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As a parent carer there will be lots of things to think about when you are told your child has a life limiting or life threatening condition.

Getting a diagnosis

If you have just heard the news that your child has a life-limiting or life-threatening condition you will be in a state of shock and feeling overwhelmed. As well as feeling extraordinarily emotional you will have lots of questions, such as:

  • How do I tell my child about their diagnosis?
  • How do I tell others in the family?
  • What will the future look like for my child?
  • How will it impact on my child and others in the family, particularly any siblings?
  • How can I make sure my child and family have as normal a life as possible? 
  • How can I cope physically and emotionally?

A diagnosis should have been given to you via a face to face meeting in privacy and with someone there to support you. You should have been given the opportunity to ask questions about the diagnosis and prognosis and to have any concerns you have addressed. If this is not the case or if you have already been given a diagnosis but you feel it would be helpful to talk to the doctor at a follow up appointment then it is important that you ask for this as soon as possible.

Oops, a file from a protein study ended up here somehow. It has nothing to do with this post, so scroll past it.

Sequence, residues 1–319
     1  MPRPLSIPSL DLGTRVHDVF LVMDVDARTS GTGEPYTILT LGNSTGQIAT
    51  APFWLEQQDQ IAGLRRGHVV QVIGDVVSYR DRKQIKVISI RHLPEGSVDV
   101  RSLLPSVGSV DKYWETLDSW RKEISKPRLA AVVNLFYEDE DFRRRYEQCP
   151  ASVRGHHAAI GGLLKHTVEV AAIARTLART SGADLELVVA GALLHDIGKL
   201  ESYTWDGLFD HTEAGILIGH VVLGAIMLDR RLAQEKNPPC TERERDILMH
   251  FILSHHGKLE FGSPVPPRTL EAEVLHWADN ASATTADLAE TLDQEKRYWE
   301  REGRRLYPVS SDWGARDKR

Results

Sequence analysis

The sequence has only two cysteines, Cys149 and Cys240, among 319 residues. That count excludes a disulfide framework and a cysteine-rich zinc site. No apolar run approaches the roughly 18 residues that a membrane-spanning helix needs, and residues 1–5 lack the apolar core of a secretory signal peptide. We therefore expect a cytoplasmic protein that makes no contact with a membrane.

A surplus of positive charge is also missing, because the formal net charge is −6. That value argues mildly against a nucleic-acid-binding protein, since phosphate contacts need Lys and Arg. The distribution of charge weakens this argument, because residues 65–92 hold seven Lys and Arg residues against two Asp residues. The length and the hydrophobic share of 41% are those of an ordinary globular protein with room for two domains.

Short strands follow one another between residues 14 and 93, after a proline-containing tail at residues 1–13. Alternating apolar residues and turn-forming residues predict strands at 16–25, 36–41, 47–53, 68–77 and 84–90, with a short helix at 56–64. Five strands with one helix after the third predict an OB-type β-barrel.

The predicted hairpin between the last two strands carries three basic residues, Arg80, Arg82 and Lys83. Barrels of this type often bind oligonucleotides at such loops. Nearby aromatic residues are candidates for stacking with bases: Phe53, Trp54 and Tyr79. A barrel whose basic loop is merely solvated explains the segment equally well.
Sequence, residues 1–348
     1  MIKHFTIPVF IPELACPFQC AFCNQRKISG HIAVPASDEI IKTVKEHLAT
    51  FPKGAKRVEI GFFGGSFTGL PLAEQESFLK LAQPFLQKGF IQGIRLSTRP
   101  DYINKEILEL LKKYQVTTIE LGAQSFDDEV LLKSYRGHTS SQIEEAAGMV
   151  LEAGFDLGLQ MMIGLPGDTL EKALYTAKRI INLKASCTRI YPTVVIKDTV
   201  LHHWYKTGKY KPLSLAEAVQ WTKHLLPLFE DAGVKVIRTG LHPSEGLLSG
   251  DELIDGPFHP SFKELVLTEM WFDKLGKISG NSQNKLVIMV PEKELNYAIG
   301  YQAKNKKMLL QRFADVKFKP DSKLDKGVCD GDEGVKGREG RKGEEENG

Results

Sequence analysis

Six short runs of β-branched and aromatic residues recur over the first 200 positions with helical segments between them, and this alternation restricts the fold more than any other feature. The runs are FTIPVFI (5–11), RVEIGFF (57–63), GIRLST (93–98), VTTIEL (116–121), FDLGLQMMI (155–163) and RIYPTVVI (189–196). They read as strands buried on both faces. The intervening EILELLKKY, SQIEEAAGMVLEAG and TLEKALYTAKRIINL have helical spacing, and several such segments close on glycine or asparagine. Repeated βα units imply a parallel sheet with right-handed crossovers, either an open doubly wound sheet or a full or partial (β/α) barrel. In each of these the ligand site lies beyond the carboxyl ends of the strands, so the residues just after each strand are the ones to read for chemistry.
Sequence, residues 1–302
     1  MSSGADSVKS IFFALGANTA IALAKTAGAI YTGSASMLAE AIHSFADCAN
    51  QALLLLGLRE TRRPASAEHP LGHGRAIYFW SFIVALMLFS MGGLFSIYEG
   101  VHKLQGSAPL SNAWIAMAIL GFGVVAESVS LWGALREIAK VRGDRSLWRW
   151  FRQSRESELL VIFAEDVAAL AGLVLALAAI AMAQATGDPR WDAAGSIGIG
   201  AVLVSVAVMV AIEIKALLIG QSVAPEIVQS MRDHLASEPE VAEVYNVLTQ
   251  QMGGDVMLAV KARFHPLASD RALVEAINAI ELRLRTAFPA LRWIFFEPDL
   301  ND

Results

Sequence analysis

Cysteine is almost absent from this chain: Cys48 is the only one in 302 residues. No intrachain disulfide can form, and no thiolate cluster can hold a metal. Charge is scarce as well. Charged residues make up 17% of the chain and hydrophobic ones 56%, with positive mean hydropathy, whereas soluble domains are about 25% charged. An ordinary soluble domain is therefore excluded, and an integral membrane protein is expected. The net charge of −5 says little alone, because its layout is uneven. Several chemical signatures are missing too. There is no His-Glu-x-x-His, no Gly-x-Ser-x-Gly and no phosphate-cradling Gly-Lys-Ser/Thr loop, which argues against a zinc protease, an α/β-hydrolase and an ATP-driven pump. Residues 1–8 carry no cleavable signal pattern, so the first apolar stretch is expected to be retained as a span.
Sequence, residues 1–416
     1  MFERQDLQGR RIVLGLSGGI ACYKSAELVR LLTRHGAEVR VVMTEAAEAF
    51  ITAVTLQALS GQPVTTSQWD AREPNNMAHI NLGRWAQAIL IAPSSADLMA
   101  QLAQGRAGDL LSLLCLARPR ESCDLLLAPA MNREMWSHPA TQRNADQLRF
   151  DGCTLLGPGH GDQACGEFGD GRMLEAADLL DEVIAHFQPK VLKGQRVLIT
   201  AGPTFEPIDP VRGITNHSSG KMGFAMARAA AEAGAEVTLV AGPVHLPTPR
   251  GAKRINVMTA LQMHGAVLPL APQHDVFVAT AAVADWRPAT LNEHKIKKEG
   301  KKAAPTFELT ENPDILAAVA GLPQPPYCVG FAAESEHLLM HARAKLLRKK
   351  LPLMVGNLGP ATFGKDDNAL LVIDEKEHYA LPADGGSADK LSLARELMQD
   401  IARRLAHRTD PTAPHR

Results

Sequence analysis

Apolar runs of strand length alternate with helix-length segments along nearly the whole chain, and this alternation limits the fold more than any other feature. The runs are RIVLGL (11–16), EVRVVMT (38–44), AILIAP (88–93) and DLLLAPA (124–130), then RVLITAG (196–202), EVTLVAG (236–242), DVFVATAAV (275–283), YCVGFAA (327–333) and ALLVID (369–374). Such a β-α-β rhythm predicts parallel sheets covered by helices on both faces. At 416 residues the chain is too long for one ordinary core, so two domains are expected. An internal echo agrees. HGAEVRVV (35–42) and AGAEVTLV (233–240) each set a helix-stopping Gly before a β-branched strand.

Things to think about

  1. Ask for some allocated time with the doctor for an open and honest face to face discussion in a private room.
  2. Make sure you are not alone at the appointment. Take your partner, relative or friend with you.
  3. Jot down some questions to ask the doctor in advance as it is easy to forget what you need to know during the appointment. It is also helpful to jot down some notes during your discussion or ask the doctor to jot them down for you.
  4. Ask for written information to take away with you in a language which is easy for you to understand. Ask for an interpreter if necessary.
  5. Ask for information about support groups and available emotional support for yourself and your family in your local area.
  6. Consider who and how you are going to tell others outside the immediate family, for example school, wider family and friends. How might you need to prepare yourself for their reactions?